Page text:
Anyone who knows anything about the subject of UFOs and alien abduction would have heard of Louis Whitley Strieber, the successful horror novelist, who, in 1987, published a book called Communion which still stands as one of the most terrifying, factual and powerful accounts of alien abduction ever written. But far from being just an abductee and author, Strieber is also something of an undeclared mystic and prophet. It seems he has much to say about humanity’s spiritual, political and environmental future. Is he, as some have claimed, nothing but a prophet of doom, or do his words contain genuine wisdom and an important message?…Strieber was already a successful author before he decided to risk his reputation by publishing Communion. His previous books, of which there are many, deal with issues like nuclear war and environmental catastrophe. Along with childhood friend James Kunetka, Strieber wrote the 1984 New York Times bestselling novel Warday, which concerns the subject of nuclear holocaust. He also wrote a number of highly acclaimed horror novels, such as The Hunger and The Wolfen, both of which were adapted into films. When Communion was first published, it quickly shot to number 1 on the New York Times non-fiction bestseller list. It then went on to become an international bestseller. Although Strieber allegedly received six figures from publishing company William Morrow (now an imprint of HarperCollins), it seems unlikely that Communion was a hoax, and that he wrote it for the money – which is what some critics have claimed. In a 1987 interview for the San Francisco Examiner, Strieber said: “I didn’t need to write it. I could have written another novel… Why would I hold myself up to the ridicule that a book like Communion brings? I felt that I had to write this book.”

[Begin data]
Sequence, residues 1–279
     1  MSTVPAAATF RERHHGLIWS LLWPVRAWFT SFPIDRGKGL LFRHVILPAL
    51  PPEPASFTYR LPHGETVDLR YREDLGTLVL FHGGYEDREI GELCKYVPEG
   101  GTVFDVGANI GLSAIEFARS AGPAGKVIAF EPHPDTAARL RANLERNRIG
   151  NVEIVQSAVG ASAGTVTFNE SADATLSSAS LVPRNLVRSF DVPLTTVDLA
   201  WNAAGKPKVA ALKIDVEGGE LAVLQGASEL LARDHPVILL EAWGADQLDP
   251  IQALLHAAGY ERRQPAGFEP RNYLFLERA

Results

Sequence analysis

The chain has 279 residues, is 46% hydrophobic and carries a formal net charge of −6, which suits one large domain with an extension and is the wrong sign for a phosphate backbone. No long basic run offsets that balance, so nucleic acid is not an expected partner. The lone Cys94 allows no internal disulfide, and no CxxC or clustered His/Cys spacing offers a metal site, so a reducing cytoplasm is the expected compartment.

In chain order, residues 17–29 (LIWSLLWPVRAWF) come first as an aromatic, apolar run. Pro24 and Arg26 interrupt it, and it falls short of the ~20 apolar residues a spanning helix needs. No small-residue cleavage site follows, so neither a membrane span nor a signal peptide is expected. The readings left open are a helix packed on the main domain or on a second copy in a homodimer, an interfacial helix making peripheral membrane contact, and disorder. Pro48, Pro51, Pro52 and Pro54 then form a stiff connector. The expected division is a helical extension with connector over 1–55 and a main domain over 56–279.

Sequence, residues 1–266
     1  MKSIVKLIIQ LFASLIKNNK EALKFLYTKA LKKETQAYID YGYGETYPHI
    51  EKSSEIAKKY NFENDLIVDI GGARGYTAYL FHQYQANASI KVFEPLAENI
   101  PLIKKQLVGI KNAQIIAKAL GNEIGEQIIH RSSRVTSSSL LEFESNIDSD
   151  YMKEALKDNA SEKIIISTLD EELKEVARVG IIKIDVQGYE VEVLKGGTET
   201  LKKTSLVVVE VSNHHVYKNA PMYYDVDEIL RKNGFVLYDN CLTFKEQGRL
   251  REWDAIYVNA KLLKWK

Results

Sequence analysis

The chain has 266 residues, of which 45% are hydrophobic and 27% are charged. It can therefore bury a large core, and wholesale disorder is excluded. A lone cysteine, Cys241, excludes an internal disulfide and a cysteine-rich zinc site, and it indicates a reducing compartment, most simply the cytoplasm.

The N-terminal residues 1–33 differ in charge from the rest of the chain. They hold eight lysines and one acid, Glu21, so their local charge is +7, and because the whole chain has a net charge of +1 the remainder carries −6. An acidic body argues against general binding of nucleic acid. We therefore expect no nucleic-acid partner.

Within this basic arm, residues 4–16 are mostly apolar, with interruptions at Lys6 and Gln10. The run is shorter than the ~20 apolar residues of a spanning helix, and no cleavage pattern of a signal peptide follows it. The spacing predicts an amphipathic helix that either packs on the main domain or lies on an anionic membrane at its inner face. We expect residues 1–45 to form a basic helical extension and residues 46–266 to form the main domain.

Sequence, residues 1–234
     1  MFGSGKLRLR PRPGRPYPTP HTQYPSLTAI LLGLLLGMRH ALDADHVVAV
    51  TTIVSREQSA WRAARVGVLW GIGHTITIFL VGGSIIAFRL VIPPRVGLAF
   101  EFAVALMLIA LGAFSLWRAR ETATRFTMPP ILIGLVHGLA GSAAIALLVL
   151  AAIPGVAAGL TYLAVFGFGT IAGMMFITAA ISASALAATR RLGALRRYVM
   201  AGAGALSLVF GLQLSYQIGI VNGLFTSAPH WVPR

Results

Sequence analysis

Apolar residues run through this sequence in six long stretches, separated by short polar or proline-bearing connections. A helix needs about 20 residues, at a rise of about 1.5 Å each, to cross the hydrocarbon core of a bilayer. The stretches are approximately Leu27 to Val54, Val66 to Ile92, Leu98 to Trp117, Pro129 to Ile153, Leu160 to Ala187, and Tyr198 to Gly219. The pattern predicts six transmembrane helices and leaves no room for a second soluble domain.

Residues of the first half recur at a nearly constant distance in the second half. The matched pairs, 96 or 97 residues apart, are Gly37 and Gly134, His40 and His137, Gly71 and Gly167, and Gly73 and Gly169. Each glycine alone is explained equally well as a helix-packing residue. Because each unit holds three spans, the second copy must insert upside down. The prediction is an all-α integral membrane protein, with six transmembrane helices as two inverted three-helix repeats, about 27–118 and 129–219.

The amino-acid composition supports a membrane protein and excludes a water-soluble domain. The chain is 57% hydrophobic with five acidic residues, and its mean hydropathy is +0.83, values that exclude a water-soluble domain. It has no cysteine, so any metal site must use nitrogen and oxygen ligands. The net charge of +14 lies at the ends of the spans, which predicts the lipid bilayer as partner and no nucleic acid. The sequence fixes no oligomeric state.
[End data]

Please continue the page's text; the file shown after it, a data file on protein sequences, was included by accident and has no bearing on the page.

* * *
This short 2008 film from the National Endowment for the arts features Ray Bradbury as he discusses his life, literary loves and Fahrenheit 451.
Selected excerpts (transcriptions courtesy of the inimitable Maria Popova):
“Books are smart and brilliant and wise. Love what you do and do what you love. Don’t listen to anyone else who tells you not to do it. You do what you want, what you love. Imagination should be the center of your life.”
“Alone at night, when I was twelve years old, I looked at the planet Mars and I said, ‘Take me home!’ And the planet Mars took me home, and I never came back. So I’ve written every day in the last 75 years. I’ve never stopped writing.”
“If you know how to read, you have a complete education about life, then you know how to vote within a democracy. But if you don’t know how to read, you don’t know how to decide. That’s the great thing about our country — we’re a democracy of readers, and we should keep it that way.”